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Sierra magazine
Create | The Politics of Tomorrow

Faith Under Fire
Despite D.C.'s dysfunction, there's still cause for hope

By Carl Pope

Carl Pope A year and a half ago the American people voted overwhelmingly for change. What many have experienced since then has not been change for the better. We've had the greatest economic crisis since the 1930s depression. The $30-a-barrel increase in the price of oil since the 2008 election has sucked $150 billion out of the U.S. economy--nearly as much as the 2010 stimulus program.

The Copenhagen climate conference collapsed, ending with no clear response to the gravest environmental threat in human history. The U.S. Congress seems unable to accomplish much of anything, let alone difficult but necessary measures like putting a price on carbon dioxide. And not satisfied with its previous damage to campaign-finance reform, the Supreme Court opened the floodgates for the powerful forces of the old economy--coal and oil--to have an even greater influence in frustrating any prospect for change. So why do I think this could be the most hopeful moment in my lifetime?

For starters, not everything in Washington can be filibustered. The Obama administration has already reversed many of the anti-environmental regulations and policies enacted under the George W. Bush administration--significantly tightening ground-level smog standards, for example. In the push for clean energy, the economic fundamentals keep getting better. For the 1.5 billion people in the world without electricity, solar power is already twice as cheap as the dirty kerosene they now use. Thanks to the $80 billion for clean energy in Obama's stimulus package, economists predict that bank lending for renewables will bounce back to pre-recession levels this year. Major corporations continue to shift toward sustainability and clean energy.

On a recent trip to India, a major industrialist told me that the insistence by Wal-Mart and other major importers (not to mention the European Union) on high environmental standards was transforming Indian business practices. China is investing enormous amounts in renewable energy. Washington may be broken, but the world landscape offers plenty of hope.

How can we get that hope back into American politics? Through boldness and passion. Here are five ideas that can repower our politics:

Kick our oil addiction. It's the most politically popular, nonpartisan, economically transformational idea out there, and it solves a third of the climate crisis. Power our cars with electricity and our trucks with natural gas, move goods onto railroads, and build neighborhoods where people can walk and bike--all the while tightening limits on oil imports.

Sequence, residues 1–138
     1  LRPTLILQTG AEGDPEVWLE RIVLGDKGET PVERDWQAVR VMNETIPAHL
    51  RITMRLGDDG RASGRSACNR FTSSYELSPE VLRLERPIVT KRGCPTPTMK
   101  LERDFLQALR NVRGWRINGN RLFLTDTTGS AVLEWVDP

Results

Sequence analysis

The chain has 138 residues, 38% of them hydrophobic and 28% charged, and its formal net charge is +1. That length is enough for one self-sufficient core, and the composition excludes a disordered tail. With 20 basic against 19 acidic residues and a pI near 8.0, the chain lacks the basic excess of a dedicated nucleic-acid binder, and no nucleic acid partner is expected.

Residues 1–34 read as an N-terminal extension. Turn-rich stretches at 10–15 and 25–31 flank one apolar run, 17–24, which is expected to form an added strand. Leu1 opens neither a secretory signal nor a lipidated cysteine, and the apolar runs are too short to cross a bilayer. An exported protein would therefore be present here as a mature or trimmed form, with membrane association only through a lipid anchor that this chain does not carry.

Plug the leaks. Kicking oil will help usher in new transportation technologies. But we also need to increase the rate at which we upgrade our homes and offices with 21st-century zero-carbon technologies like high-performance windows, low-temperature geothermal heating, and rooftop wind and solar.

Take on corporate privilege. No matter what the Supreme Court says, corporations are not people, and they shouldn't be treated like citizens. They exist to allow large economic enterprises to raise capital, not to control our public policies. The time has come for public financing of political campaigns and for a constitutional amendment to end the legal charade of corporate personhood.

Reconnect with rural America. It's no accident that the gridlock in the Senate rests on the perceived political gap between country folk and city slickers, with senators from sparsely populated, rural states like Nebraska, Montana, Indiana, and the Dakotas holding the balance of power--and using it to slow down reform. Sierra Club members are everywhere, though, including in rural areas. We need to do a better job of building alliances.

End the filibuster. We elect senators to vote, and ought to demand that they do so. No matter which party controls the Senate next year and into the future, it should be able to govern by majority rule.

November 2008 was not all that long ago. Back then, the enemies of reform were as dispirited as many environmentalists are today. But they went to work, and now it's our turn to do the same. The way to get the spirit of hope back is to fight like hell for what we believe in.

Carl Pope is the chairman of the Sierra Club. E-mail

Photo by Kira Stackhouse



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